Catholics read the Scriptures

Commentary on Benedict XVI’s Verbum Domini

Bevil Bramwell OMI

Book Summary
Historically, Benedict XVI’s Verbum Domini appeared after a long period during which Catholic exegetes flirted with the various tools of what came to be generally known as the Historical-Critical Method. The problem with this kind of tinkering was that one has to be expert in theological anthropology, in Christology and at least some philosophical hermeneutics. The highly developed skills that were demanded led to less able scholars treating the scriptures as a palimpsest on which they could write their own gospel so to speak. The issue that Benedict XVI identified and explained was something on which Vatican II had given some very clear guidelines in Dei Verbum but which were subsequently pushed aside in the efforts to on the one hand eschew any association with Catholic Tradition and on the other to bend the scriptures to fit and even give credence to modern socio-political agendas. The issue of the unique nature of the sacred scriptures such that their only possibility of being understood lies in the tradition that gave them birth and that remains in union with them. This textbook on Catholic theology is a must-read for students at college levels and those discerning the priesthood or wanting to serve the Church in any capacity. It gives a framework for appreciating the Scriptures, shows the use of Scripture in many pastoral situations, and suggests many applications for the Scriptures in personal spiritual growth. It also details the history of attempts to remove the Scriptures from their ecclesial context.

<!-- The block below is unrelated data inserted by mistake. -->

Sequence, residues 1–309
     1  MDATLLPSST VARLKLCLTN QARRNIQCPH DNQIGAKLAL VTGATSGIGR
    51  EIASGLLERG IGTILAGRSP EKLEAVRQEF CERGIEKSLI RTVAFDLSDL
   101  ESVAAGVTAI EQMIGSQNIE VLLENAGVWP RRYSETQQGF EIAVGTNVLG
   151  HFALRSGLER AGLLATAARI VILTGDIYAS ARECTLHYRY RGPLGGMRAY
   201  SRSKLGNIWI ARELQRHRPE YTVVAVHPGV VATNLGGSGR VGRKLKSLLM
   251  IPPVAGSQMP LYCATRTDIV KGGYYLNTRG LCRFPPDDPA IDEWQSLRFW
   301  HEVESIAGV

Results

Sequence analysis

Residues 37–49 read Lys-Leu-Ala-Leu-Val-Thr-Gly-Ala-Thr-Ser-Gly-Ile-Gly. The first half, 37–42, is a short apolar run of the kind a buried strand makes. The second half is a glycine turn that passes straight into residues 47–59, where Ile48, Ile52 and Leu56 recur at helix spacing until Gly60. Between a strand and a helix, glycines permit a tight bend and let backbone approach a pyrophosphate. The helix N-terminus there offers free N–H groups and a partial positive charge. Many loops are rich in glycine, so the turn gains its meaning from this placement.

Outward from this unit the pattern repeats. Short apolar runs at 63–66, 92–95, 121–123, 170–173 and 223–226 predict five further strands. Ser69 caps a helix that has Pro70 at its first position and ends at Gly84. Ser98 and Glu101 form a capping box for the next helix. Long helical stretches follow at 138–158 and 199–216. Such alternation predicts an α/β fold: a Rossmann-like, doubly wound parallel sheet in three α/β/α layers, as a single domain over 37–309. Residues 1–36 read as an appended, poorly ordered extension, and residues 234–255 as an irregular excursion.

Excerpts:
Pope Benedict XVI: “The covenant is not one between equals.” Then entirely by action on God’s part “God bridges every distance and truly makes us his partners.” page 31 Yes, God is in dialog with man but it is not with man as an isolated individual. In the whole of the Old Testament and the whole of the New Testament, it is a dialog with the individual living within the People of God and yet ultimately directed to all of the nations. page 39 Quoting from the Principles and Norms of the Liturgy of the Hours: “This prayer is the voice of the bride speaking to the bridegroom. It is the very prayer that Christ himself, together with his Body, addressed to the Father.” page 79

OTHER BOOKS

The Catholic Priesthood: A 360 Degree view

The World of the Sacraments: The Catholic Theology of the Sacraments
The Laity: Von Balthasar’s Theology of the Laity
John Paul II’s Ex Corde Ecclesiae : The Gift of Catholic Universities to the World

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